• Compile command 2 into the QTEMP library. Comamnd 2 contains parameters for the from- and to-file, and also the number of records extracted in CPP1. Use CHGCMDDFT on QTEMP/command2 to set the default number of records. Command 2’s CPP is your CPP to perform the copy.
  • Prompt QTEMP/command2 to let the user choose the number of records.

A sample program (quick) might look like this:

    pgm parm(&fromfile &tofile)
    dcl var(&fromfile) type(*char) len(10)
    dcl var(&tofile) type(*char) len(10)
    dcl var(&nbrcurrcd) type(*dec) len(10 0)
    rtvmbrd file(&fromfile) nbrcurrcd(&nbrcurrcd)
    crtcmd cmd(qtemp/command2) pgm(cpp2)
    cmdcmddft cmd(qtemp/command2) newdft('nbrrcds(&nbrcurrcd)')
    ? qtemp/command2
    endpgm


You may need to play with the prompting, but this would allow you to actually show the number of records to be copied.

Second follow-up by Hanna

OK. Here is a way to implement the previous request to show the number of records to be copied in a command.

You must take the responsibility to ensure the code works as you intend before deploying it in a production environment. Although I believe the programs posted in this message work as shown, they may be incomplete for error checking and parameter checking. They are intended as examples, not fully finished products.

Command1 is the user’s command to prompt for the file to be copied, and the destination. Its command processing program is command1c.

cmd prompt('Command 1')
parm kwd(fromfile) type(*name) len(10) prompt('From file')
parm kwd(tofile) type(*name) len(10) prompt('To file')


Command1’s processing program command1c determines the number of records in the from-file, and sets up command 2 for processing.

When we retrieved the number of records for the from-file, we received them in a numeric variable. In order to use the same number in the chgcmddft command string, we must convert the number to a character string to use (the first chgvar line).

You cannot execute chgcmddft using CL substitution variables as I wrote in my previous post; you get a CPD0103 error. To overcome this, we will create the command to be executed as a dynamic string, and pass it to the command execution program QCMDEXC.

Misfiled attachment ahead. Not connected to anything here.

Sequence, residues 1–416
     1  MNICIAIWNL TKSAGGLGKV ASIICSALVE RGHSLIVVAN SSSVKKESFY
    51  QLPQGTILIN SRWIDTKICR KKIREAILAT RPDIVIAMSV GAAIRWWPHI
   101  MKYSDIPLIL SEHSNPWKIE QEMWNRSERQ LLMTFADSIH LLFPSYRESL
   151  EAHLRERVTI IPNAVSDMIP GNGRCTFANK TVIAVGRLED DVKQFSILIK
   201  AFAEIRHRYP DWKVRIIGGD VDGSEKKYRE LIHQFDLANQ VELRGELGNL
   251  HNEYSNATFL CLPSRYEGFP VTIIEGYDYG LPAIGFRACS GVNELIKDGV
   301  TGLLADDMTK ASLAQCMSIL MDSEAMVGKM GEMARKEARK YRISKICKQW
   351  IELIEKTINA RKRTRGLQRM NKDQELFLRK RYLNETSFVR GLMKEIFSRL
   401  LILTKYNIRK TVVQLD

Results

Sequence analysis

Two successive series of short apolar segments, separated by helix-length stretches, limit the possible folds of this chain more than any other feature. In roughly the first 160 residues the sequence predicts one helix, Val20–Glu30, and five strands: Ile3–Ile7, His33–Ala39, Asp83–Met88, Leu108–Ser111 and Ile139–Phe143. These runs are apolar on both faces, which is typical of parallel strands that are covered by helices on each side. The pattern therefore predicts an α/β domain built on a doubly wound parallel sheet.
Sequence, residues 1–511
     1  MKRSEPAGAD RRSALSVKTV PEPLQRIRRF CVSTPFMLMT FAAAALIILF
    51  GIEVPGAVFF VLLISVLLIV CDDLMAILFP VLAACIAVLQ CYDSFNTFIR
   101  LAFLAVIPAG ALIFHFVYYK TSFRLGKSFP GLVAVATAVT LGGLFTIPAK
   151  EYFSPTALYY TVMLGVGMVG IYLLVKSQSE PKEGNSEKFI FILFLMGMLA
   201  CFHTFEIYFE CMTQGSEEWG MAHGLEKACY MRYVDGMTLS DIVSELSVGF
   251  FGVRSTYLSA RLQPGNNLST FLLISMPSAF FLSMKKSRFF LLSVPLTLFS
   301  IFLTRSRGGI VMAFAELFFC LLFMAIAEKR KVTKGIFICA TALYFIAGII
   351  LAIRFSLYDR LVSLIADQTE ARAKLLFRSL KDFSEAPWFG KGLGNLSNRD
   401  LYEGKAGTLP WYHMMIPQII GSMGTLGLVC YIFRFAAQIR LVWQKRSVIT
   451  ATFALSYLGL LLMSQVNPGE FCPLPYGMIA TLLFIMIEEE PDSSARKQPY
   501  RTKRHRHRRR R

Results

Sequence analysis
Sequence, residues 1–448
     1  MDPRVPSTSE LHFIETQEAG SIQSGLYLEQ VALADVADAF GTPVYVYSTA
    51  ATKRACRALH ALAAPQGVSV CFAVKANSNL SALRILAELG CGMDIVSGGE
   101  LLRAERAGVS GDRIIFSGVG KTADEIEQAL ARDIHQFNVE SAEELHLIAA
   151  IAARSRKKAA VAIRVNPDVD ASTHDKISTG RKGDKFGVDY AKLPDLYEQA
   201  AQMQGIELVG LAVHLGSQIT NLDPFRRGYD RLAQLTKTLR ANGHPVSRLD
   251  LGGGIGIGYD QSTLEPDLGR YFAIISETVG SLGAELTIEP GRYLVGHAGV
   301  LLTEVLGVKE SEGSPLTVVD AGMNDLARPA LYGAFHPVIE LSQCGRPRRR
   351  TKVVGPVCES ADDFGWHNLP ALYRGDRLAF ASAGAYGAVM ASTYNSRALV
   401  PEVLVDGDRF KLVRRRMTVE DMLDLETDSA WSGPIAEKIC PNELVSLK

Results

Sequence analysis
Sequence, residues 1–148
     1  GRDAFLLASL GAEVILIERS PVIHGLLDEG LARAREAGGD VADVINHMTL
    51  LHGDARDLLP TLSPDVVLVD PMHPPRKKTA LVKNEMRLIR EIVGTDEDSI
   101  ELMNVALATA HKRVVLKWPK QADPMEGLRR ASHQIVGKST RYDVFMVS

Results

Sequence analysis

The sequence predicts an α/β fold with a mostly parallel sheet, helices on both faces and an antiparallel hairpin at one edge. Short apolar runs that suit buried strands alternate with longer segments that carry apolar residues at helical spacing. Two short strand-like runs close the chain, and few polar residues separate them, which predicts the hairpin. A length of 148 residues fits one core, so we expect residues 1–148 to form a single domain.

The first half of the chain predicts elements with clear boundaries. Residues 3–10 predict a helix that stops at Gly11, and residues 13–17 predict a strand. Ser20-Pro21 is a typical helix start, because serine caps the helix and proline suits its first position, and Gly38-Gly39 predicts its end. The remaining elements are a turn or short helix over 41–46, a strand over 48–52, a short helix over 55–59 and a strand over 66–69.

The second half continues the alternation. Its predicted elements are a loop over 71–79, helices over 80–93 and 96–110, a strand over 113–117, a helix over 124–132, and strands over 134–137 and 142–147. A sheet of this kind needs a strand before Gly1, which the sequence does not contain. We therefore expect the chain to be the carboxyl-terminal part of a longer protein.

NOTE: To compile command1c, you must first compile command2 into the QTEMP library. Otherwise, the compile fails because the the prompt line (third line from the bottom) is using the qualified library QTEMP to find command2.

pgm parm(&fromfile &tofile)
dcl var(&fromfile) type(*char) len(10)
dcl var(&tofile) type(*char) len(10)
dcl var(&nbrcurrcd) type(*dec) len(10 0)
dcl var(&nbrcurrcdc) type(*char) len(10)
dcl var(&command) type(*char) len(200)
dcl var(&commandlen) type(*dec) len(15 5) value(200)
dcl var(&quote) type(*char) len(1) value('''')
rtvmbrd file(&fromfile) nbrcurrcd(&nbrcurrcd)
chgvar var(&nbrcurrcdc) value(&nbrcurrcd)
crtcmd cmd(qtemp/command2) pgm(command2c) srcfile(qcmdsrc) srcmbr(command2)
chgvar var(&command) value('chgcmddft cmd(qtemp/command2) newdft(' *cat +
   &quote *cat 'nbrrcd(' *cat &nbrcurrcdc *cat ')' *cat &quote *cat ')')
call qcmdexc parm(&command &commandlen)
? qtemp/command2 fromfile(&fromfile) tofile(&tofile)
monmsg msgid(cpf0000)
endpgm


Command2 has the same file names as was specified for command1, and also has the maximum number of records to be copied as the default in the “Records to copy” parameter. Note that the number of records is the default value, and can be overriden by the user to 0 or more than the default. The command processing program command2c should check these boundary conditions before copying the file.

cmd prompt('Command 2')
parm kwd(fromfile) type(*name) len(10) prompt('From file') min(1)
parm kwd(tofile) type(*name) len(10) prompt('To file') min(1)
parm kwd(nbrrcd) type(*dec) len(10 0) prompt('Records to copy') dft(1)
pgm parm(&fromfile &tofile &nbrrcd)
dcl var(&fromfile) type(*char) len(10)
dcl var(&tofile) type(*char) len(10)
dcl var(&nbrrcd) type(*dec) len(10 0)
dcl var(&nbrcurrcd) type(*dec) len(10 0)
rtvmbrd file(&fromfile) nbrcurrcd(&nbrcurrcd)
if cond(&nbrrcd *le 0) then(goto cmdlbl(endpgm))
if cond(&nbrrcd *gt &nbrcurrcd) then(chgvar var(&nbrrcd) value(&nbrcurrcd))
cpyf fromfile(&fromfile) tofile(&tofile) crtfile(*yes) fromrcd(1) torcd(&nbrrcd)
endpgm:
endpgm


Revision 1.0, 19 Jul 2002, Hanna Goodbar.